Take the ampersand. You’ll find the following four entries in the table for this single character:
`AMP;` — `U+00026` (&) `AMP` — `U+00026` (&) `amp;` — `U+00026` (&) `amp` — `U+00026` (&)
This may be where some of the confusion originates. One could easily be fooled into assuming that this simulated, limited case-insensitivity is the real thing. But it would be a mistake to think that these kinds of variations are consistent. They definitely are not. For example, the one and only one valid named reference for the backslash character is
`Backslash;` — `U+02216` (∖)
You won’t find any other references to
U+02216 in that table, and so no other form is valid.
If we look closely at the four named entities for the ampersand (
U+00026) again, you’ll see that half of them include a trailing semicolon (
;) and the other half don’t. This, too, may have led to confusion, with some people mistakenly believing that the semicolon is optional. It isn’t. There are some explicitly defined named character references, such as
amp, without it, but the vast majority of named references and all numeric references include a semicolon. Furthermore, none of the named references without the trailing semicolon can be used in HTML5. ? (Face with Mouth Open,
U+1F62E) Section 12.1.4 of the HTML5 specification tells us (emphasis added):
Character references must start with a U+0026 AMPERSAND character (&). Following this, there are three possible kinds of character references:
Named character references
The ampersand must be followed by one of the names given in the named character references section, using the same case. The name must be one that is terminated by a U+003B SEMICOLON character (;).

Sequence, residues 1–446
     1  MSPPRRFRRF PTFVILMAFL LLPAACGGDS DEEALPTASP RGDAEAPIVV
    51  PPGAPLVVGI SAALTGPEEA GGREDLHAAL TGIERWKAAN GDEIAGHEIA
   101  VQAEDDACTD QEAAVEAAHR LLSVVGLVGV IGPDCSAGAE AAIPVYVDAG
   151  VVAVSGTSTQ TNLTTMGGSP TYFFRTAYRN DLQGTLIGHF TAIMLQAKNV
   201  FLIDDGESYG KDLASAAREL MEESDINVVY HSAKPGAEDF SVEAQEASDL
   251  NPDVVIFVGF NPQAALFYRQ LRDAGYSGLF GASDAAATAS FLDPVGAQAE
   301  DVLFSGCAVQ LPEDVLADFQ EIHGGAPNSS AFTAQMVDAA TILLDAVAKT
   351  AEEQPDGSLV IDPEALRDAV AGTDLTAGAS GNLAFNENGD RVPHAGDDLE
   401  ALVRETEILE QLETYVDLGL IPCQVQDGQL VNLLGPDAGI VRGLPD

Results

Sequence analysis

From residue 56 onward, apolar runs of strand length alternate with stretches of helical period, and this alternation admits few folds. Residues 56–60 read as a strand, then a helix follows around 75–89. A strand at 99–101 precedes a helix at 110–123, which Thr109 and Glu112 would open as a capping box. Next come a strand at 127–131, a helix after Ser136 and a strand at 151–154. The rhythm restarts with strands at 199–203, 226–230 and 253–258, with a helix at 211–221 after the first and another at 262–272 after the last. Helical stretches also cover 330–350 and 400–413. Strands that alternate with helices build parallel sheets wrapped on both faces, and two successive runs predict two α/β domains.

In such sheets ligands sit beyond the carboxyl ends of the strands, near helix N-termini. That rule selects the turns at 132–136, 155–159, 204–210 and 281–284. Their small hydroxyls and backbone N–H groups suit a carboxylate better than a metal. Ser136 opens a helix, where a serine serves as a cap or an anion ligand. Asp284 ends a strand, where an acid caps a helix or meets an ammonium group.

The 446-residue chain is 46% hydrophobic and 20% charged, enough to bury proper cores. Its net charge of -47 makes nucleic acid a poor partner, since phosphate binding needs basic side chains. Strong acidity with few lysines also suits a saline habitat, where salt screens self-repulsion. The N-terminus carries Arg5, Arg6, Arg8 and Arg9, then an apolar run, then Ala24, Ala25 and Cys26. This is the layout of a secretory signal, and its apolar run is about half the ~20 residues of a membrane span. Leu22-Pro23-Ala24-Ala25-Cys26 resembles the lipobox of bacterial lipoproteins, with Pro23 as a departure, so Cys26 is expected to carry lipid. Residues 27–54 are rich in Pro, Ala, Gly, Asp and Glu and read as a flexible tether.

Decimal numeric character reference
The ampersand must be followed by a U+0023 NUMBER SIGN character (#), followed by one or more ASCII digits, representing a base-ten integer that corresponds to a Unicode code point that is allowed according to the definition below. The digits must then be followed by a U+003B SEMICOLON character (;).
Hexadecimal numeric character reference
The ampersand must be followed by a U+0023 NUMBER SIGN character (#), which must be followed by either a U+0078 LATIN SMALL LETTER X character (x) or a U+0058 LATIN CAPITAL LETTER X character (X), which must then be followed by one or more ASCII hex digits, representing a hexadecimal integer that corresponds to a Unicode code point that is allowed according to the definition below. The digits must then be followed by a U+003B SEMICOLON character (;).
“The ampersand must be followed by one of the names given in the named character references section, using the same case. The name must be one that is terminated by a U+003B SEMICOLON character (;).”
That answers that.
By the way, the alpha characters in hexadecimal numeric character references (a to f, A to F) are always case-insensitive.
⛅ ? ? ? ? ?? ?
At the end of the encoding section, I asked whether Unicode and UTF-8 encoding are enough to ensure that our documents, interfaces and all of the characters in them will display properly for all visitors to our websites and all users of our applications. The answer was no. But if you remember, I left this as a cliffhanger. ? (Hushed Face, U+1F62F) There’s just one thing left to complete our picture of emoji (pun intended) ? (Grimacing Face U+1F62C).
Unicode and UTF-8 do most of the heavy lifting, but something is missing. We need a glyph associated with every character in order to be able to see a representation of the character.
From the Wikipedia entry for glyph:
In typography, a glyph /’ɡlɪf/ is an elemental symbol within an agreed set of symbols, intended to represent a readable character for the purposes of writing and thereby expressing thoughts, ideas and concepts. As such, glyphs are considered to be unique marks that collectively add up to the spelling of a word, or otherwise contribute to a specific meaning of what is written, with that meaning dependent on cultural and social usage.